Interior wall colors will have the most influence on the character of your room.
Because walls usually provide the most surface area in a room, they are one of the most important features.
But they must not be looked at in isolation. It's no use rushing ahead and just using a favorite color, then hoping that everything else will just fall into place. Interior wall colors must be part of an overall plan.
Effects of color
Because interior wall colors have such an important effect, here are some suggestions.
Rooms using deep, warm colors such as rust-red will always seem cozy and comfortable.
They are particularly useful in situations where long, dark winter months can get a bit depressing. Just be aware that stronger colors tend to make rooms look smaller.
When using strong colors, take account of any paintings or other pictures you may have; you don't want the wall color to clash or detract from your favorite painting.
If you live in a hot climate, then a room with interior wall colors such as white, pale green, yellow or blue will appear airy and cool. Keep the walls light, and use deeper versions of the colors in furniture, rugs and upholstery.
Hints and tips
When you use deep colors on your walls and want to brighten the room, do it with accents of more intense color using pillows, picture frames or table lamps.
Warm, dark colors have the effect of making your room look distinguished. This is particularly useful if you're decorating a room for use as a library or home office. Deep reds, blues and greens are often used in these situations.
For small, light rooms, your interior wall colors can also be light. This will make the room appear larger than it really is.
Don't make the mistake or using white or very light colors to cheer up a dark room. The effect is often to make it gloomy and depressing. Use rich, warm colors, and think about putting in extra lighting such as a couple of table lamps using energy efficient light sources.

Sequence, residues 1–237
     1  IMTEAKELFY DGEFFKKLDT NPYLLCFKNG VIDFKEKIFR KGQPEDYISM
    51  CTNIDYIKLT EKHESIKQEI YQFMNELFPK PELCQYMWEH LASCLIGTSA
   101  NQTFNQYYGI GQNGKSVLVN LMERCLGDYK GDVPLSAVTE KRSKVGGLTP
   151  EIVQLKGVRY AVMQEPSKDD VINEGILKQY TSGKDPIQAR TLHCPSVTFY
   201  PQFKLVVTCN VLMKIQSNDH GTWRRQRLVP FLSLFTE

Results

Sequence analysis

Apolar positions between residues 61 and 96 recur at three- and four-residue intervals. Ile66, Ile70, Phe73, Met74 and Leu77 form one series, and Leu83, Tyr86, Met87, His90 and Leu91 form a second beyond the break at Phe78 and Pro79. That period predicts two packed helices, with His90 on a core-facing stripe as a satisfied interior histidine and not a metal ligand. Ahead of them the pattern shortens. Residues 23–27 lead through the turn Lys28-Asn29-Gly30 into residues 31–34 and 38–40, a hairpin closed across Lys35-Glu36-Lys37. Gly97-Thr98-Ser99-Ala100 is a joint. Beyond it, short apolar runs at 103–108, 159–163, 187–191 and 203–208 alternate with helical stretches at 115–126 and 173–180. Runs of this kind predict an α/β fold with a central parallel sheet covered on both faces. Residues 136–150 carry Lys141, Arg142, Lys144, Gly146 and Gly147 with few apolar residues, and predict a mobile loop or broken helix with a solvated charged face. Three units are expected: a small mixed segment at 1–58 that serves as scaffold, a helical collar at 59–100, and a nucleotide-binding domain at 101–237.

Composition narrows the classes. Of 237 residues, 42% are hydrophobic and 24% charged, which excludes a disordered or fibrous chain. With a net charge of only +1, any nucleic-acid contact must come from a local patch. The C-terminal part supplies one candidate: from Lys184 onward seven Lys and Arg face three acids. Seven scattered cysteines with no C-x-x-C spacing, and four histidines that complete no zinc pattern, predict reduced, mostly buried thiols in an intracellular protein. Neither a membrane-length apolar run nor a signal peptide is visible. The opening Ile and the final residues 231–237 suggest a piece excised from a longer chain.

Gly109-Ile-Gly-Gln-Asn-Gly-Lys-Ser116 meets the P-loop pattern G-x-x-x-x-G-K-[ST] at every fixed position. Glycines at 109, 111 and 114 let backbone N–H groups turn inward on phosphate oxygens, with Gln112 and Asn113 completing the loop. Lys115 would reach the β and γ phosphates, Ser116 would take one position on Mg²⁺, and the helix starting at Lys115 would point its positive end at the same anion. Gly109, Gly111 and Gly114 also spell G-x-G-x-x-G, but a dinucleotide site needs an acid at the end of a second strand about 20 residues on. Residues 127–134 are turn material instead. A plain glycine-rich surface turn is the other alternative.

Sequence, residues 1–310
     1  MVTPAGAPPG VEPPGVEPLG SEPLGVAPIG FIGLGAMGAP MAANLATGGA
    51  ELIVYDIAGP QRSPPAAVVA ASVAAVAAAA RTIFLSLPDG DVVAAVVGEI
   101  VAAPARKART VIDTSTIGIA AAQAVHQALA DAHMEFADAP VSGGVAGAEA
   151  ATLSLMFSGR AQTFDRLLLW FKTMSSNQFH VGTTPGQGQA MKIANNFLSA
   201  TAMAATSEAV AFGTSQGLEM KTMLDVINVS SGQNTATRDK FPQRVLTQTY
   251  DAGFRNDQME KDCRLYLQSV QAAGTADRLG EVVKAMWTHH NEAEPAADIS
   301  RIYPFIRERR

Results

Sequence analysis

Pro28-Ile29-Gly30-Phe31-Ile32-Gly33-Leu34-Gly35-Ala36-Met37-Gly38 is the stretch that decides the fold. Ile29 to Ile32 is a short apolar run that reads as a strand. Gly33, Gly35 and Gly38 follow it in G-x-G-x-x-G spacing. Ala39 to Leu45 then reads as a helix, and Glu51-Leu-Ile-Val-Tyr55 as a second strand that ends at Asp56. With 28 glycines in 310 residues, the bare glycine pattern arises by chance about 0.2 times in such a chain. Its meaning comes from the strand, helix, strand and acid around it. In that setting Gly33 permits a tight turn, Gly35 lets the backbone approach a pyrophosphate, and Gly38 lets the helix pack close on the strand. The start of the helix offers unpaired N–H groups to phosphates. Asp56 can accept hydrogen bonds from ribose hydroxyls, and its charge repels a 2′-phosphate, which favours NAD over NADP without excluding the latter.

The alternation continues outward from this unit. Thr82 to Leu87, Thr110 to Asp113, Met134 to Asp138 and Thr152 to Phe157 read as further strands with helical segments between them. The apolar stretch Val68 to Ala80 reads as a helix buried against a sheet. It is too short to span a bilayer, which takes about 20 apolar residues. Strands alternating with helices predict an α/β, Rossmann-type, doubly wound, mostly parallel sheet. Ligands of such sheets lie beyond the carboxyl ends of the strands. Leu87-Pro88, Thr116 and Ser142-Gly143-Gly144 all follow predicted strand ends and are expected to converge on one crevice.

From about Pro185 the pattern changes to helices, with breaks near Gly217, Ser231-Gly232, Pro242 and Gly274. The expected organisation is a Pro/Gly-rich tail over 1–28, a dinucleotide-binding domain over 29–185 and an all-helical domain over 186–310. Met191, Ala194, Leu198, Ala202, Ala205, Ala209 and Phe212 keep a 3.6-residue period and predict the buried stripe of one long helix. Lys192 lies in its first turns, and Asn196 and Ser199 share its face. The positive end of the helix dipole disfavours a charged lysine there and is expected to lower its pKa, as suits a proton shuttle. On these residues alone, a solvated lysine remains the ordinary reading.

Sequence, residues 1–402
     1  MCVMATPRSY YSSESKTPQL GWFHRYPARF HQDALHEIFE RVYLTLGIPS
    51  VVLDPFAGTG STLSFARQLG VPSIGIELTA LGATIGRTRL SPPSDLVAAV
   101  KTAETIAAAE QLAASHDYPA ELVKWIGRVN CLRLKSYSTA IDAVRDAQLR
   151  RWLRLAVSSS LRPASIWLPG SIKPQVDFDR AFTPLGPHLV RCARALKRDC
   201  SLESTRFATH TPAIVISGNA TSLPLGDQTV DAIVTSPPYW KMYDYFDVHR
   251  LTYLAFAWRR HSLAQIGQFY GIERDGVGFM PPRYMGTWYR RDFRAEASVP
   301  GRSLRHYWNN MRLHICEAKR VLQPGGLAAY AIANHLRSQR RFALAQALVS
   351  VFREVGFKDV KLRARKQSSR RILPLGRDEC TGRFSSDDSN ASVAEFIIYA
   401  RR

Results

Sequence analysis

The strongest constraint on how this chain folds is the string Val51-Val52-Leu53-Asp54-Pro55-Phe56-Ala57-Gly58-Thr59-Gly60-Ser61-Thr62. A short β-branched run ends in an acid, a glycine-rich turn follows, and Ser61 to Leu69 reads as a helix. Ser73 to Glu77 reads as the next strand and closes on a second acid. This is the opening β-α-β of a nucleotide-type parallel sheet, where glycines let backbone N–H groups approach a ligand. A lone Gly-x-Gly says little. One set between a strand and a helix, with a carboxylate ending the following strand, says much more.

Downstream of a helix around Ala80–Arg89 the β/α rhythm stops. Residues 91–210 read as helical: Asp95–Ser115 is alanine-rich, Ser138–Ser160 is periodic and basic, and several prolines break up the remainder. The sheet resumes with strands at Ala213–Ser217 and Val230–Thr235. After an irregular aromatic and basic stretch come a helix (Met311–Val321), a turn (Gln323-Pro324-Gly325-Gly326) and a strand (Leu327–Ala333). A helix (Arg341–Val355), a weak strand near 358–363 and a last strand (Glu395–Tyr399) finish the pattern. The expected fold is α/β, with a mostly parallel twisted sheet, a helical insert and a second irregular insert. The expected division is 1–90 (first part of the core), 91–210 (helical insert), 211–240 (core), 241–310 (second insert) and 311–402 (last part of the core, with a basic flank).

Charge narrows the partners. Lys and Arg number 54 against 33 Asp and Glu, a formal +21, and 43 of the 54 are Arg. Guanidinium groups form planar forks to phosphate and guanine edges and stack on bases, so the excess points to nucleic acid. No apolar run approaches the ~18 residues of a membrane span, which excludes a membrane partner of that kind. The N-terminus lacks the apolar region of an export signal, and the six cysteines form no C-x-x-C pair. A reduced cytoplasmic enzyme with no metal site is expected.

How much wall is visible?
Remember that if you have lots of pictures, paintings and mirrors, or items of furniture which are situated against your walls, you won't actually see as much of them as you might imagine. Add in a large fire surround, a couple of doors and large windows, and sometimes interior wall colors aren't quite so dominant.
Following on from the last point, the style of your room can have an effect on your walls. A contemporary room where nearly all the walls are seen will be quite different from a Victorian style room with a multitude of pictures, draperies and furniture concealing most of the wall space.
How many colors can you use together?
You may worry about whether you are using too many or too few colors in your room.
A safe way is to use no more than three colors for major areas, such as walls, floors or window treatments. But you can use any number for accent colors - pillows, cushions, accessories, etc.
Use a color board
One way to see if your choice of interior wall colors will give you the effect you want is to use a color board.
Take a piece of paper or card of a reasonable size (at least Letter size or A4) and divide it into three sections.
- Approximately one quarter at the bottom is for the floor color.
- Use the half in the center for the walls.
- The top quarter is for the ceiling.
Now paint these sections in the color scheme of your choice.
Cut out rectangular pieces of card and color them for other items in the room such as furniture. They don't have to be the shape of the item, all you're trying to do is represent the colors in the right proportions. So a small item of a bright color will be represented by a small piece of card of that color.
Now stand back and examine the color board. (Some people find it helpful to squint so the colors blend together.)
You'll get an impression of how your colors blend and whether or not you need to change them to get a balanced effect.
Make the most of other peoples' experience with color. Paint Color Cheat Sheets will give you an insight into which colors work best in your home. (Only for residents of the USA and Canada.)
The Shortcut to Perfect Paint Colors - Paint Color Cheat Sheets
(If you want to learn more on the theory of color, then take a look at the color schemes page. From there you can select whichever section interests you.)